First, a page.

Takkarist McKinley, OLB, UCLA
Coming in at 6’2” and tipping the scales at 250 lbs., Takkarist McKinley possesses the size and strength necessary to succeed off the edge in the NFL. His burst, bend, length, and motor off the snap makes him one of the most natural 3-4 outside linebackers in the draft this year. At UCLA, McKinley was asked to play with his hand in the dirt and as a stand-up rusher, giving him plenty of experience that teams covet in the 1st-round. McKinley isn’t necessarily the “power” rusher than Lawson is, meaning he won’t see much time as a defensive end in the NFL, but his 24 reps on the bench press demonstrate solid functional strength that will be on display with improved hand usage. Many mock drafts have the Steelers selecting McKinley and it is likely that he’ll be there due to shoulder surgery after the combine. McKinley could be the boost they need.
T.J. Watt, OLB, Wisconsin
Although he has a small sample size as a one-year starter, T.J. Watt impressed as a pass rusher and run stopper at Wisconsin. Watt’s pedigree (the younger brother of All-Pro J.J. Watt) gives NFL front offices the hope that he can eventually become a standout in the league. Watt has a long frame and gives A++ effort on every play. What makes Watt such a tantalizing prospect is his record of being a highly coachable player. He has moments of inconsistency, which is to be expected of an unpolished player without a lot of experience. But his hard working demeanor and strong understanding of the game will give scouts hopes that he will do everything he can to work on these deficiencies and improve his strengths. The Steelers (specifically Joey Porter) gave plenty of attention to Watt at Wisconsin’s Pro Day, with Mike Tomlin and Kevin Colbert wining and dining him afterwards. There appears to be mutual interest and Watt will definitely be on their radar come April 27th.
Tre’Davious White, CB, LSU
While the Steelers addressed their cornerback need in the 2016 NFL Draft by selecting Artie Burns, there is a strong likelihood that they will address the position again this year. With Ross Cockrell’s future with the team in question, William Gay not being a long-term option, and the team’s desire to use more man-to-man coverage, selecting a talented corner in a deep class is imperative. Even with the signing of Coty Sensabaugh, the Steelers shouldn’t be afraid of adding another body. Tre’Davious White might not have the elite length of many corners in this class (5’11”), but he brings plenty of experience, serving as a full-time starter for most of his four years at LSU. White has shown the ability to consistently mirror-and-match opposing receivers when on an island and has the feet, athleticism, and instincts to effectively react to the ball. White lacks run-support physicality that team’s desire, but as one of the best man-corners in this draft, the Steelers could find an athletic compliment to Burns on Day 1 if he is still available.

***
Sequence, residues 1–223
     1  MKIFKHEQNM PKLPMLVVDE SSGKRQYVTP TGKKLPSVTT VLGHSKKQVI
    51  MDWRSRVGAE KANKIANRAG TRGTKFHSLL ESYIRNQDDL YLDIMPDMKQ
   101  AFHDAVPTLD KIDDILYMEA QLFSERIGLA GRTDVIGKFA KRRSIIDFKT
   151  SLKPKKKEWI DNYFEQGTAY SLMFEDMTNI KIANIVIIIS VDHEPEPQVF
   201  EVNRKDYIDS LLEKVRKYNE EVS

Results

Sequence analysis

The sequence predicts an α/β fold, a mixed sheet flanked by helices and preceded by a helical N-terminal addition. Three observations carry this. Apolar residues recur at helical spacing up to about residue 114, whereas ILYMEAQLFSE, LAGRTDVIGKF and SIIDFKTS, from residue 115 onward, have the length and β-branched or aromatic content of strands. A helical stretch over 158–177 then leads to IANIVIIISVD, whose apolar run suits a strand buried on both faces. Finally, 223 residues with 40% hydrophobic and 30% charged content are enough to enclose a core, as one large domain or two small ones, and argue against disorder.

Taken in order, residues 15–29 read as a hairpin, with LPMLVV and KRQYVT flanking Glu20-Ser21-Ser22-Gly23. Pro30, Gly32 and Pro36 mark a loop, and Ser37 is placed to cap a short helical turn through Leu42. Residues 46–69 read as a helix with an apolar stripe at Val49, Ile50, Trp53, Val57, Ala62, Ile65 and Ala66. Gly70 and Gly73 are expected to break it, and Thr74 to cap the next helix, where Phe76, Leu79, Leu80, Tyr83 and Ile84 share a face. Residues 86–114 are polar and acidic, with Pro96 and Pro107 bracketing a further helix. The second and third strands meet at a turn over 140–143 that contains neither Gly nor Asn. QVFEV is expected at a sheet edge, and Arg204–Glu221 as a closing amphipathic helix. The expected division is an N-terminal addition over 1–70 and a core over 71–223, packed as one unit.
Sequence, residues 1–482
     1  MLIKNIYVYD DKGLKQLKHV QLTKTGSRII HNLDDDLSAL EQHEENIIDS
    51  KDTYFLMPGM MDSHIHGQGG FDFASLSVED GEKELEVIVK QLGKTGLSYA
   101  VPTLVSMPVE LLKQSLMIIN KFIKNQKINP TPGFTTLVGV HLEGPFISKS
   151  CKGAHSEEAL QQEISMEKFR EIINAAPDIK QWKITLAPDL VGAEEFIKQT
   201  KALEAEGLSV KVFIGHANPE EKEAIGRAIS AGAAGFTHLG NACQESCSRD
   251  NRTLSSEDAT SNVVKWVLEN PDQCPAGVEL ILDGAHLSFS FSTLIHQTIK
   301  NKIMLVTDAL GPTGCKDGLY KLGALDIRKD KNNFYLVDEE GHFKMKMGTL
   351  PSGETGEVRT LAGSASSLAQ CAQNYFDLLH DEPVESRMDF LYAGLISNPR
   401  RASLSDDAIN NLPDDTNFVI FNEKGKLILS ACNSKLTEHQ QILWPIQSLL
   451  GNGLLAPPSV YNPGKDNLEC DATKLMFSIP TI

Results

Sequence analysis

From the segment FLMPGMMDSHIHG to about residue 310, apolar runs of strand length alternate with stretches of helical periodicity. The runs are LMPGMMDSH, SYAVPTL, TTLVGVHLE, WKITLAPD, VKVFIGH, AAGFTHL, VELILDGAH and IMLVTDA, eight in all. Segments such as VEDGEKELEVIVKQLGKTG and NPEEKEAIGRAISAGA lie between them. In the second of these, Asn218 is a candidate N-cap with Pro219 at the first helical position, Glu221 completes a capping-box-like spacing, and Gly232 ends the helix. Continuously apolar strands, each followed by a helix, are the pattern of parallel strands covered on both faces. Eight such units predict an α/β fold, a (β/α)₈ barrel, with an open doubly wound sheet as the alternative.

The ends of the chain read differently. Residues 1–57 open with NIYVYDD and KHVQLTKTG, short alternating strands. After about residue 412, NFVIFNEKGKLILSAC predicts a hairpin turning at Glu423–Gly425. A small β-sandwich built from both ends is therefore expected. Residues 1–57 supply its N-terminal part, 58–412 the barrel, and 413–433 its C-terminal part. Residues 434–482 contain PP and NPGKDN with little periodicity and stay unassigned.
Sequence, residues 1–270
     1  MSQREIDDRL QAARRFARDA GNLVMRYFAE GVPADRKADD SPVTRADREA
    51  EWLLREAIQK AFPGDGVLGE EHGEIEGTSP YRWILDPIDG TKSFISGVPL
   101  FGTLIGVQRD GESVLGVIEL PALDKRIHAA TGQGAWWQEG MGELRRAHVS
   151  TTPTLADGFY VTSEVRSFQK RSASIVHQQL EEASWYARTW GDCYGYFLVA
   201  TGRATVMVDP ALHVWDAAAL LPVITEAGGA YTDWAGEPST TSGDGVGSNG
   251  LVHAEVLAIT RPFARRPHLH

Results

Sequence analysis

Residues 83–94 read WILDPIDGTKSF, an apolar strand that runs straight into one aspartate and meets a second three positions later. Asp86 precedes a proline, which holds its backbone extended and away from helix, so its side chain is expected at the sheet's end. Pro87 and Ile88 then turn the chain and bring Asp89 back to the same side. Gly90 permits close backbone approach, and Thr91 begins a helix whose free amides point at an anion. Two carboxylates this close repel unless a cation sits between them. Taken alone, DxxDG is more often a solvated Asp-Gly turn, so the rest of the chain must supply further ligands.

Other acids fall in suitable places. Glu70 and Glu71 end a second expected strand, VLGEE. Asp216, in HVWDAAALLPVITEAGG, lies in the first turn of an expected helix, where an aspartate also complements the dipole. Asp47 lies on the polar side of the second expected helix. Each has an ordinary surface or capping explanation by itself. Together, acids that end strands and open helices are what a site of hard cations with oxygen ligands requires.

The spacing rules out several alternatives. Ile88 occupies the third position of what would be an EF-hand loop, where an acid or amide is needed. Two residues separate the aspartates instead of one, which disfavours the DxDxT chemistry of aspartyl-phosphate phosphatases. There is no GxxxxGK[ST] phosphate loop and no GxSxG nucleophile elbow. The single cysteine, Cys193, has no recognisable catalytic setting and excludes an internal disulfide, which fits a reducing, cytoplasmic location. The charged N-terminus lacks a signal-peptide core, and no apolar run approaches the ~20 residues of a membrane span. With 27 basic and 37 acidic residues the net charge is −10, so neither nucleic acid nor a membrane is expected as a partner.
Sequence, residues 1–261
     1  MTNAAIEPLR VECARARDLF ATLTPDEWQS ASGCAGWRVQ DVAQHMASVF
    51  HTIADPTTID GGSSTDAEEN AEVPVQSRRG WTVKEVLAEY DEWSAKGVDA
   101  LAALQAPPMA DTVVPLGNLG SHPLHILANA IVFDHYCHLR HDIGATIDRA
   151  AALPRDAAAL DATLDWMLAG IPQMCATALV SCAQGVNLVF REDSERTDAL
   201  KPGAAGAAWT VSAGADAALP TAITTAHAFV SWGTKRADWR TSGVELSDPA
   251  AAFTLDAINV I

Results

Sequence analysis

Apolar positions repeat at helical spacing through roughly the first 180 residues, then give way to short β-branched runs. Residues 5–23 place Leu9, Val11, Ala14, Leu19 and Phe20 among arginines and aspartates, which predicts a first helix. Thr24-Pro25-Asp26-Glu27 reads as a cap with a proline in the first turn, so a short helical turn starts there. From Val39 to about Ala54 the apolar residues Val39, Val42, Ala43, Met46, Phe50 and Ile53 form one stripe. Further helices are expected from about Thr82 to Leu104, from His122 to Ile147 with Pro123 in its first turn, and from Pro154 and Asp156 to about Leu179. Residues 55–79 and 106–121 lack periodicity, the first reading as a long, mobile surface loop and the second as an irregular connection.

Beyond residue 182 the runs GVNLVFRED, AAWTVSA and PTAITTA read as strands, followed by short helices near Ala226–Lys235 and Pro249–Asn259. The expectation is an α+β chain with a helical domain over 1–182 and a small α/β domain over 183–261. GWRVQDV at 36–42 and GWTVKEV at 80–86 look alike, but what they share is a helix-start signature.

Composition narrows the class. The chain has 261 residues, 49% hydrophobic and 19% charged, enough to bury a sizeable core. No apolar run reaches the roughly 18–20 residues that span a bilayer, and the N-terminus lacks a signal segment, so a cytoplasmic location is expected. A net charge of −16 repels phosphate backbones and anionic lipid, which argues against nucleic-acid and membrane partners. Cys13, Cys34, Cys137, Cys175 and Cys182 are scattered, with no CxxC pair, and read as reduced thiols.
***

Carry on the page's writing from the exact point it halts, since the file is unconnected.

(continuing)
Chidobe Awuzie, CB, Colorado
Chidobe Awuzie has flown under the radar for much of the draft process, but his name is beginning to slip into discussions around the league that he could slip into the 1st round. Awuzie is a pure lockdown, man-cover corner who has the reactive athletic tools to maintain coverage responsibilities at many different points around the field because of his natural hip fluidity. Not only can he play on the outside, but Awuzie can also handle slot responsibilities, which could enable early playing time in the Steelers secondary. His scheme versatility allows him to play in man and zone coverage and off and press coverage. He possesses elite size (6’0″, 202 lbs.) and speed (4.43s 40), which fits extremely well with his natural coverage skills both near the line and downfield. One aspect of Awuzie’s game that stands out? His ability to blitz out of the slot, something that Keith Butler doesn’t hesitate to do. Awuzie is a dark horse prospect for the Steelers but one that is worth following.
Gareon Conley, CB, Ohio State